White Balance. It’s a term that’s thrown around a lot, but it’s not hard to learn — many tutorials can be found through Google. Don’t use the auto-white balance on your camera, learn to use a 18% gray card on manual white balance, or learn to set black and white points on levels in Photoshop. Without corrected white balance, food looks too yellow or too blue, which makes food look dead and unappetizing. With the correct white balance, food in a picture looks just like it does in real life.

Composition. Try to shoot food like it’s sitting in front of you on a plate in a restaurant. Too high of an angle and it doesn’t draw you in – there’s no texture and you can’t get a feel of the food. Too low, you don’t see the all the components on the plate. Keep things simple, and don’t overcrowd. Be aware of the lines and curves of the subject to draw viewers into the food.

Break the rules. Some say don’t tilt the camera so that the food looks like it’s sliding off the plate. But, that works sometimes — just don’t make it a cliché where every shot is a crooked picture of food. The idea is to break away from the norm and develop a personal style, where someone can look at a picture and say: that looks just like something “your blog” would do!

Strawberry cupcakes

Strawberry cupcakes

Edit:Voting has started! To vote for us, please go to our post at FoodBuzz at click on the voting tab at the top: http://www.foodbuzz.com/project_food_blog/challenges/1/view/495

Comments

  1. Wow, every time I read a submission for this contest, I am absolutely blown away by the talent out there. Good luck you guys, though I have the feeling you will go very far in this contest.

  2. Joan Nova says:

    I love your work – both of you! This is a great entry for the first challenge and it was so kind of you to share your top 3 tips. I read them twice. Christy, white balance makes me crazy! Peter, I with you on lemon juice…it makes everything taste better!

    Good luck in the challenge.

  3. Megan says:

    Fantastic post… Great to meet the both of you…. adorable! Best of luck on PFB. Thanks for the photo tips – Megan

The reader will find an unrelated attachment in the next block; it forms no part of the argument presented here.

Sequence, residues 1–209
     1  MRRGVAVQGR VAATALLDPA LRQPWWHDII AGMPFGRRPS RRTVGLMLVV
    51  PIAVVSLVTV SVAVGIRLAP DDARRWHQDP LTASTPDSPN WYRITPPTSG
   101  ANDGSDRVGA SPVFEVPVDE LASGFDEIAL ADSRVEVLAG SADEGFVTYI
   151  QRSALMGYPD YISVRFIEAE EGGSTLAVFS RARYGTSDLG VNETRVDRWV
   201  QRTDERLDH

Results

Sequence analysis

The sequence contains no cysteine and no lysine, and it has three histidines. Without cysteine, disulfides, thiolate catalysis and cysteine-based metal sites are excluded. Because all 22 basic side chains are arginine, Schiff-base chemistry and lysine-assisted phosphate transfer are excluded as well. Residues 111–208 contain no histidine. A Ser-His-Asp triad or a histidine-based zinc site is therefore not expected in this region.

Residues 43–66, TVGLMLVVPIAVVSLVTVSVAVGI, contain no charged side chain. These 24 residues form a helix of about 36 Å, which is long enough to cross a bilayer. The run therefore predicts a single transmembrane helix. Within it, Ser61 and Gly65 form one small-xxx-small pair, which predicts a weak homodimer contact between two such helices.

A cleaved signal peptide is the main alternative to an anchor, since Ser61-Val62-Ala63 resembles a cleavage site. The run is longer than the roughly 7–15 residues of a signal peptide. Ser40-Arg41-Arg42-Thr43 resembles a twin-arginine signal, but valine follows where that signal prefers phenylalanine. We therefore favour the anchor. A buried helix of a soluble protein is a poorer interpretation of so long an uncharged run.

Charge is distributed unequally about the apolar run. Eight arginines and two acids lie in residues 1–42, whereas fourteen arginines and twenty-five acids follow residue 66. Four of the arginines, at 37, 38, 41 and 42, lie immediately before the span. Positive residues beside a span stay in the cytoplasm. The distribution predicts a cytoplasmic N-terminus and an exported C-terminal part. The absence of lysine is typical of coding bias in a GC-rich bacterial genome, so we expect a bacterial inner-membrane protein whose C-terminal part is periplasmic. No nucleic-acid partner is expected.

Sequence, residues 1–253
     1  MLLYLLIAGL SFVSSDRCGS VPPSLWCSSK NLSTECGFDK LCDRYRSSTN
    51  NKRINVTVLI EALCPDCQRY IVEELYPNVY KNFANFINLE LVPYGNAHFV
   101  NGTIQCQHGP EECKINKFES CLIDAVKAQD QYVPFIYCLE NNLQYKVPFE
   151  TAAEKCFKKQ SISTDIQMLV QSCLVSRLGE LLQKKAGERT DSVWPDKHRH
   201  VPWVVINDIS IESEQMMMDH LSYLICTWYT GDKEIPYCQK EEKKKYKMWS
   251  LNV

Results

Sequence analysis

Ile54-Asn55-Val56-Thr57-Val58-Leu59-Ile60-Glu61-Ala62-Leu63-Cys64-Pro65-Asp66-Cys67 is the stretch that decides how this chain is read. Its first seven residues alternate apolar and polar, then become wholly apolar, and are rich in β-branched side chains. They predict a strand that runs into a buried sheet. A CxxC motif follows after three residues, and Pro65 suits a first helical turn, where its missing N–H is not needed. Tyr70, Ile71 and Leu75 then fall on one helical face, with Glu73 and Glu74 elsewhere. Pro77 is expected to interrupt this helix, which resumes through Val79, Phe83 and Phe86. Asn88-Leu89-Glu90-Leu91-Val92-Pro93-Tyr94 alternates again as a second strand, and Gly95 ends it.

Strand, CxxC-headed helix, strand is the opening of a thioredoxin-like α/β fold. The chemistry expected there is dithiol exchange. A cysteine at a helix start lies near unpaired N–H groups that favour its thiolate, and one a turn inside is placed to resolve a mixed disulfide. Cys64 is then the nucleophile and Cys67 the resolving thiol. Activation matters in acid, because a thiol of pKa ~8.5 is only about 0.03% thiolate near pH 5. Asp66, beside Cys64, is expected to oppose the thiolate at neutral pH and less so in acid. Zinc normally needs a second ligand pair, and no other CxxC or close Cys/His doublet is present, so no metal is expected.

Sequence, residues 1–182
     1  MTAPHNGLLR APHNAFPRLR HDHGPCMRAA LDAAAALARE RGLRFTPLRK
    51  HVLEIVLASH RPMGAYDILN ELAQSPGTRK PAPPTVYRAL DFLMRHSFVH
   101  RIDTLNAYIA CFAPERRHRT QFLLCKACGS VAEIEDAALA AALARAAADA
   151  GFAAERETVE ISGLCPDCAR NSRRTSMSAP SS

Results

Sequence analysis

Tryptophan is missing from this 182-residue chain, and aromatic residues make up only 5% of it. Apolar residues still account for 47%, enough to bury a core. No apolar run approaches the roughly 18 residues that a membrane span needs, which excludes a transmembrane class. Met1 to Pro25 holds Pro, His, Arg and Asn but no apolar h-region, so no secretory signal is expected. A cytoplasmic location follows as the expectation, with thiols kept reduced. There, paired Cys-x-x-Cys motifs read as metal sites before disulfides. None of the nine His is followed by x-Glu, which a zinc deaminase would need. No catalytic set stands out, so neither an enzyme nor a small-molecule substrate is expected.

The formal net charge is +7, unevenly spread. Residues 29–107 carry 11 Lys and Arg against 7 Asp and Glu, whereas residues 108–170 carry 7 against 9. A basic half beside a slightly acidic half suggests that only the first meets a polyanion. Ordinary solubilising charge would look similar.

4. Ashlee says:

    Thank you for sharing you life with us. I am loving reading about everyone’s life during this foodbuzz challenge. I posted my FBC blog yesterday. Check it out and let me know what you think.
    Ashlee
    http://ashandlewplus2.com/2010/09/18/project-food-blog-ready-set-blog/

  5. Lisa Orgler says:

    You are both fabulous! Great food and photos! I look forward to checking in!

  6. Michael says:

    Love you guys! Good luck.

  7. petermarcus says:

    Thanks everyone! Remember to go to foodbuzz and give us a vote! Registered users can vote for up to 400 blogs for the first challenge!

    http://www.foodbuzz.com/project_food_blog/challenges/1/view/495

  8. Delishhh says:
  9. You guys are an inspiration. You got my vote!

    Check out my PFB link:

    http://www.foodbuzz.com/project_food_blog/challenges/1/view/391

    Cheers and aloha.

  10. Good luck you guys! Just voted for you!

  11. Flotch says:

    Amazing. Your visuals are absolutely mouth watering. What a dynamic team. All the best!

  12. petermarcus says:

    Thanks everyone!

    And BTW — the last cupcake shot was our friend The Sugar Pixie when she guest blogged on our site. If those cupcakes look good, go over to her entry and give her a vote!

    http://www.foodbuzz.com/project_food_blog/challenges/1/view/168

  13. angi says:

    Wow I didn’t expect that a PFB entry would itself be so useful and full of tips. I’m excited to find your blog and good luck in the competition! You probably won’t need it but you’ve got my vote anyway. :)

  14. Your steak bearnaise and mini eggs benedict look so sinfully good, I can’t wait to see what you have in store for us over the course of this competition. Just voted for you.

    Lick My Spoon

  15. Gina Ruiz says:

    What a great blog! So glad I found you through PFB. You have my vote and good luck in the competition.

  16. Ruby says:

    What a great pair you two make! You got my vote (well, one of them)! ;-)

  17. Jen Cheung says:

    hey ya! you have a lovely blog here. Stumble upon your blog through foodbuzz. :) I voted for your blog. hope that helps. feel free to drop by!!

    have a lovely weekend
    jen @ http://www.passion4food.ca

  18. petermarcus says:

    Thank you everyone who stopped by, and those who gave us a vote! We moved on to the second round, and hope to see you all again for our entry in the second challenge!